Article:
Music

Queen Latifah, Leslie Odom Jr., and a John Williams tribute highlight Pops season

 The Boston Pops’ spring schedule will double as a prolonged paean to the illustrious body of work of composer and conductor John Williams.
The Boston Pops’ spring schedule will double as a prolonged paean to the illustrious body of work of composer and conductor John Williams.

When Boston Pops conductor Keith Lockhart learned that this upcoming year would mark the 85th birthday of legendary film composer and Pops conductor laureate John Williams, he knew it was time to pay his predecessor proper tribute.

And so it is that the 2017 Pops spring schedule, a bustling assortment of artistic genres and performers — including Queen Latifah and “Hamilton” star Leslie Odom Jr. — will double as a prolonged paean to Williams’s illustrious body of work, from film presentations of “E.T. The Extraterrestrial” (May 12-13) and “Jaws” (May 25-26) with live orchestra accompaniment, to pre-season concerts containing excerpts from less recognized films such as “The Towering Inferno” and “Goodbye, Mr Chips” (April 7-8).

“It’s a retrospective of his work, his career, and the hundreds of thousands of minutes he’s written that mean so much to so many people,” said Lockhart by phone from Tampa, where he and the Pops were performing.

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Eleven concerts in the season will be wholly dedicated to highlighting Williams’s six decades composing for film. In addition, the composer himself will join two Film Nights (May 31 and June 1), leading the Pops in performing some of his most recent scores, including his work for “Star Wars Episode VII: The Force Awakens.”

Williams created the musical score for the 1982 film “E.T. The Extra Terrestrial.”
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Williams created the musical score for the 1982 film “E.T. The Extra Terrestrial.”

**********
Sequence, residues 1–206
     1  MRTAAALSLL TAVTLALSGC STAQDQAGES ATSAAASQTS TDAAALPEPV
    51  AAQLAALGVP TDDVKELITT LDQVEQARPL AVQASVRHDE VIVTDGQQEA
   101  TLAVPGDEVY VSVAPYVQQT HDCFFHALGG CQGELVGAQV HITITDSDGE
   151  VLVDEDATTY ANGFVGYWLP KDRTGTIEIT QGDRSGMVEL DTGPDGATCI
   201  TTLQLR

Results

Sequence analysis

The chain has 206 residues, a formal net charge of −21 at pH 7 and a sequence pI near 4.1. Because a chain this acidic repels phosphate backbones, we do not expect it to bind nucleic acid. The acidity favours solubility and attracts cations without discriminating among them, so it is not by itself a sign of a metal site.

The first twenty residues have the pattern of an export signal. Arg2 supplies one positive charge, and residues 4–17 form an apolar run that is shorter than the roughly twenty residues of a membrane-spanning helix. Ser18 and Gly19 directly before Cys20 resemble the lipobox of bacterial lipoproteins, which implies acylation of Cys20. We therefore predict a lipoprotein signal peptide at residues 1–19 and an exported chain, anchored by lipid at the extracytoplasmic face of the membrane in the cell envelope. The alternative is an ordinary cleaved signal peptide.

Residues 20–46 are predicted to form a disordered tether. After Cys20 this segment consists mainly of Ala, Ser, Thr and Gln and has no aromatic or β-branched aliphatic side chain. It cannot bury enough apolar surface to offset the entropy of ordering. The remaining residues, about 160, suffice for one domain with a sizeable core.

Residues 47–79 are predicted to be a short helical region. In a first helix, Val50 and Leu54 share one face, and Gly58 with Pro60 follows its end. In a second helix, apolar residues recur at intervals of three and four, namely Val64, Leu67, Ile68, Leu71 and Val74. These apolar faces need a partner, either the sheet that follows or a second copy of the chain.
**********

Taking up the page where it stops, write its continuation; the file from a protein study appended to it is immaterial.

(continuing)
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Few musicians are as pivotal to the Pops as Williams, who served as its conductor from 1983 to 1995 and still leads the orchestra several times a year. But for Lockhart, the chance to honor Williams signified an opportunity to acknowledge the remarkable career he’s had beyond the orchestra.

“It’s just stunning when you look at the hundred-odd films he’s scored, and the incredible variety of expression that’s contained within them,” he said.

Though Lockhart is thrilled to be throwing what he calls a “birthday party” for Williams, other highlights of the season have him equally enthused.

To kick off the spring slate, Grammy Award-winning singer Queen Latifah will make her debut with the orchestra May 10-11. In another Pops debut, Odom, who won a 2016 Tony Award for his portrayal of Aaron Burr in “Hamilton,” will perform music from that hit musical along with tracks from his self-titled album on June 6.

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Elsewhere, the season is brimming with eclectic influences and inflections. Conductor Steve Hackman will bring “The Beatles & Beyond” (June 8-11), which contains fused arrangements of music by pop greats and classical icons (think “Björk vs. Bartók”), to Boston. Returning guests include ABBA tribute show Arrival from Sweden (May 14-15), singer-songwriter Ben Folds (May 17-18), Cirque de la Symphonie (June 2-3), the B-52s (June 13-14), and conductor-pianist-composer Charles Floyd, who’ll lead the Pops’ 25th annual Gospel Night with a still-to-be-announced special guest (June 17).

The diversity of the spring season speaks to an enduring truth about the Pops, according to Lockhart. “Over our 130 years, one way or another, we’ve tried to present the most wide-angle-lens view of what great music is,” he said. “We have rock ’n’ roll and ’80s pop — but we also have significant Broadway.”

Indeed, few events excite Lockhart more than the season’s grand finale: the world premiere of the orchestral version of “Sondheim on Sondheim” (June 15-16).

“It’s this amazing look at the work of the living, reigning genius of the American musical theater,” he said. “That’s very important this year.”

Lockhart in part attributes the Pops’ ability to spread its arms wide across musical genres to the creative license the orchestra has been granted from increasingly open-minded fans. And he hopes music aficionados beyond the BSO’s built-in audience will find their way to a Pops performance this spring.

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“It’s a great place for people who don’t think of themselves first and foremost as classical music fans,” Lockhart said. “It’s for people who are just culturally curious — who really want to hear something innovative and different.”

Boston Pops tickets go on sale Feb. 13; 888-266-1200, www.bostonpops.org.

Isaac Feldberg can be reached at isaac.feldberg@globe.com, or on Twitter at @i_feldberg.